But, as with lots of Microsoft’s other cloud technologies which are being launched left, right and centre at the moment, the Enterprise isn’t catered for as it might hope. Most Enterprise IT departments leverage some kind of web filtering, or proxying. This may be using transparent proxying, in which case you can count your blessings as Cloud App Discovery will work just fine. If you are explicitly defining a proxy in your internet settings, then you can get around that by adding particular registry keys. However if you are using a PAC file to control access to the internet, then unfortunately Cloud App Discovery will not work for you. This is a shame as it is, in my opinion, the best way to approach web proxying in an Enterprise, but that’s another story. From what I have heard, a feature is in the works which will allow you to configure Cloud App Discovery agents to log their findings to an internal data collector. This data collector can sit on a local server and then upload data to Azure on your behalf, which is a much more elegant solution to the problem of data collection from multiple machines. However as far as I know, this feature is not available yet. I’ll be keeping my ear to the ground and will let you know if this changes.

In the meantime, if you are desperate to get your data collection up and running in the meantime, you could change to explicitly defined proxying, and configure registry settings for your clients as per the following MS article:

Cloud App Discovery is a feature of Azure Active Directory Premium, a toolkit designed to take your Azure Active Directory to new, cloudier heights. Azure AD Premium can be bought standalone, or comes bundled with the Enterprise Mobility Suite. I would highly recommend it to Office 365 customers as it can give you and your users some great new features which can help make your Azure AD the best it can be!

Edit: It looks like PAC file support has been added rather surreptitiously. No announcement was made, and the KB articles haven’t been updated. I happened to check the Change Log today and Release includes an option to tweak your PAC file to support Cloud App Discovery.

Alternatively, if you use a PAC file (Proxy Auto Configuration) to manage proxy configuration, please tweak your file to add as an exception URL.

I’m yet to test this myself but it looks promising!

Azure Backup and Resource Manager Virtual Machines

Ask anybody in the Azure teams at Microsoft and they will tell you that Resource Manager is the future of Microsofts Azure strategy. And I agree; it’s much more versatile, robust, and finally gives us the ability to multitask rather than waiting for one task to complete before starting another. For all it’s benefits though, it is still an immature system. One big bugbear of mine is to do with changing Availability Sets once a VM is created, but that’s not what I wanted to write about today.

Microsoft recommend that all new services in Azure should be created using the Azure Resource Manager model. Which is all well and good, unless you want to back these servers up using Azure Backup. In which case you will have a problem.

I recently attempted to do this and was happily running through the guide provided by Microsoft entitled Deploy and manage backup to Azure for Windows Server/Windows Client using PowerShell. This article includes the following warning:

Warning: Azure Backup

I didn’t have a backup provider yet so I tried to run the command, only to be told that:

register-AzureProvider : The term 'register-AzureProvider' is not recognized as the name of a cmdlet, function, script file, or operable program. Check the spelling of the name, or if a path was included, verify that the path is correct and try again. At line:1 char:1 + register-AzureProvider -ProviderNamespace Microsoft.DevTestLab + ~~~~~~~~~~~~~~~~~~~~~~ + CategoryInfo : ObjectNotFound: (register-AzureProvider:String) [], CommandNotFoundException + FullyQualifiedErrorId : CommandNotFoundException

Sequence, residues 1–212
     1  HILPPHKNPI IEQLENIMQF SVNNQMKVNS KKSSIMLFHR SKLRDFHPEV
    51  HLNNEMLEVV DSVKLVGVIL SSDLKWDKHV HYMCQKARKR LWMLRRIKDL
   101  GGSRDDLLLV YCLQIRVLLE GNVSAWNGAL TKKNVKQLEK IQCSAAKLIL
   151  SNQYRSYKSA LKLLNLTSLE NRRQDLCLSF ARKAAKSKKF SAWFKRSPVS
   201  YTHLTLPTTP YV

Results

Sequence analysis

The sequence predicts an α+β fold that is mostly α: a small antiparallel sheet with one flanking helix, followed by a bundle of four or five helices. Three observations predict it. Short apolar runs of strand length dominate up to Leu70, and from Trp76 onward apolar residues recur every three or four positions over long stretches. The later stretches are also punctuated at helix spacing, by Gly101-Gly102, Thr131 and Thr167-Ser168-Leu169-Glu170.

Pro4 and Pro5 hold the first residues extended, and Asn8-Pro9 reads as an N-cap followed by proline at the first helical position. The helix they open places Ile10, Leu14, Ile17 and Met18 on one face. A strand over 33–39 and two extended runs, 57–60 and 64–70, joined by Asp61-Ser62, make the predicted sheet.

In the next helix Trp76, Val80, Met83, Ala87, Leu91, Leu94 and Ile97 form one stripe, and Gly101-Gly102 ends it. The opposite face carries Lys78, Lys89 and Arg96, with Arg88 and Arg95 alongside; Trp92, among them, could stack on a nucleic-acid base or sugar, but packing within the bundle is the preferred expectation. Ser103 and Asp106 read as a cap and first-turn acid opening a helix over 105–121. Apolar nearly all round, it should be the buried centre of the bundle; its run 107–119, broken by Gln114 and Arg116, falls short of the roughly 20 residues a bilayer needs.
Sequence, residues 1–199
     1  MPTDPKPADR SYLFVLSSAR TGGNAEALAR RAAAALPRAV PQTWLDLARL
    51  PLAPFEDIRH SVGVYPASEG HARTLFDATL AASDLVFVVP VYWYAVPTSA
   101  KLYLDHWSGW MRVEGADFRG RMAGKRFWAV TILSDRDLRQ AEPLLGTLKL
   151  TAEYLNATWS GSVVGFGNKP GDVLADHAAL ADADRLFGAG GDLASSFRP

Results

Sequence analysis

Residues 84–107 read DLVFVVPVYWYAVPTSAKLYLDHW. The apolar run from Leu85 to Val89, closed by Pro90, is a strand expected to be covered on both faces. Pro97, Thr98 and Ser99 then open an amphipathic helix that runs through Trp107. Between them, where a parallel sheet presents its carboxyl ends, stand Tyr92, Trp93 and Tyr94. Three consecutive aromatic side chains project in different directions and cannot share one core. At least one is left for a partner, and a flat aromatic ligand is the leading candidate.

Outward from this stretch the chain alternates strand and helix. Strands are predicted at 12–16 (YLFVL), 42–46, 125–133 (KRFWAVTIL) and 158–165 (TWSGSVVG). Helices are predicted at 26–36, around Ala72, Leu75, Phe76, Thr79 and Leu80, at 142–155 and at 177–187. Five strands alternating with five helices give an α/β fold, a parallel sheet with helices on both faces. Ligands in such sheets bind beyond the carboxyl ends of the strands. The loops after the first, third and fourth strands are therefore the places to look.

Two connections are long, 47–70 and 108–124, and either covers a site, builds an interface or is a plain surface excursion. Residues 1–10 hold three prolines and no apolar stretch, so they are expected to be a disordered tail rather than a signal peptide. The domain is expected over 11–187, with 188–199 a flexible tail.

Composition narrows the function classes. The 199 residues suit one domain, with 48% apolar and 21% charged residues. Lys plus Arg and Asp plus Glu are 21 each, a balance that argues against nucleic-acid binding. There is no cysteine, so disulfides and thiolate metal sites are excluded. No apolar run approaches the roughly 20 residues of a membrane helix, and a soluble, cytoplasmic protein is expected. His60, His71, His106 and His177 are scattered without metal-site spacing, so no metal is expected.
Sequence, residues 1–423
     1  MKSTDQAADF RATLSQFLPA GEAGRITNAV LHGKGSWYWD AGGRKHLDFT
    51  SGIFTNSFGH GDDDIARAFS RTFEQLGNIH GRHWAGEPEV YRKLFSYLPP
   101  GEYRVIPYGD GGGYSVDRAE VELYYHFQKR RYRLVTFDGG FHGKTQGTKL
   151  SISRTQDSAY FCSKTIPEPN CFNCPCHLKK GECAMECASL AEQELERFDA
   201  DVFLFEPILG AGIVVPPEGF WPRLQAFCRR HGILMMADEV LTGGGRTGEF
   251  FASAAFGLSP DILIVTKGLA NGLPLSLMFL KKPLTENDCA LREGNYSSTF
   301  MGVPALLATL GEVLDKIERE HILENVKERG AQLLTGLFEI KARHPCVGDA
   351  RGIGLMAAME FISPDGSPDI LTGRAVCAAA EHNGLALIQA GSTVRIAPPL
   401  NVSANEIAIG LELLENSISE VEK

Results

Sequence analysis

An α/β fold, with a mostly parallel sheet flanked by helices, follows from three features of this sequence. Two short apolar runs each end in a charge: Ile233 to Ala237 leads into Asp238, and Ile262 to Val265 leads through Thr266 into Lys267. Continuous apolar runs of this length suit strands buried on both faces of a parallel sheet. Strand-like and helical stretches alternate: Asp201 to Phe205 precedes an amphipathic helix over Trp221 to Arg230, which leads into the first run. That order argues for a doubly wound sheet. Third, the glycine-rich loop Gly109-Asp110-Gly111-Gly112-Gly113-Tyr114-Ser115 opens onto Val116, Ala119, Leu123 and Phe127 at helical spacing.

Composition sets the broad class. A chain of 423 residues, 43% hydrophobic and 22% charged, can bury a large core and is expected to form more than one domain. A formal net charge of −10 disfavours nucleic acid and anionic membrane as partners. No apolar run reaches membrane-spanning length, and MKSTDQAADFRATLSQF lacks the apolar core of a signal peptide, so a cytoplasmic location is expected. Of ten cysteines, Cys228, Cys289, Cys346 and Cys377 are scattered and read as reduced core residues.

It seems that this cmdlet has been deprecated in Azure PowerShell v1.0.

Additionally, when looking into this error, I found the following tidbit of information on Microsofts Preparing your environment to back up Azure virtual machines page:

Backing up Azure Resource Manager-based (aka IaaS V2) virtual machines is not supported.

Bit of a showstopper eh? Luckily myself and my colleague simply wanted to schedule a backup of the ADFS database, so to workaround this we added a secondary Data disk to Azure and used Windows Server Backup to take a System State backup of the Primary ADFS server. For those planning a more extensive Azure Backup Strategy, you may need to rethink your use of v2 (Resource Manager) virtual machines.

As with all things Azure, things change all the time, and I’m sure Microsoft will add support for this feature very soon.


Set-AzureNetworkSecurityGrouptoSubnet – The virtual network name is not valid.

Another catchy title which I’m sure you’ll be saying to yourself all day.

I came across a problem recently whilst attempting to attach an Azure Network Security Group to a subnet within a virtual network. The purpose of this NSG was in reference to an ADFS configuration in Azure. The NSG was to be used to wrap around our ‘LAN’ subnet in Azure and protect it from the ADFS Proxy servers and the internet by locking down inbound traffic to only allowed ports.

I created my NSG by using:

New-AzureNetworkSecurityGroup -Name "LAN_NSG" -Location "West Europe"

And then attempted to map it to my LAN subnet by using:

Get-AzureNetworkSecurityGroup -Name "LAN_NSG" | Set-AzureNetworkSecurityGroupToSubnet -VirtualNetworkName 192.168.x.x -SubnetName ‘LAN’

However I got a wall of red, with the descriptive error message of:

The virtual network name 192.168.x.x is not valid

NSG - The Virtual Network name is not valid

I then tried specifying the virtual network name in a combination of formats, and also by using a variable:


And so on and so forth, all with the same result. I could however, run:

Get-AzureVNetSite -VNetName 192.168.x.x

Which returned a valid result, confirming my thinking that the VNet name was valid and correct. Eventually I logged a call with Azure Support to try and find out what was going on. I received a prompt response, and was told by the engineer dealing with the call that the problem could be reproduced, and was consistent when trying to apply NSG to a VNet name that starts with a number.

At the moment I’m waiting to hear back to see whether this is a known issue and if there is a prettier workaround other than creating a new VNet and migrating my VMs over to it. Another workaround is to apply the NSG to the VMs themselves, which may be the route that we travel until this issue is solved.

Cloud Security 101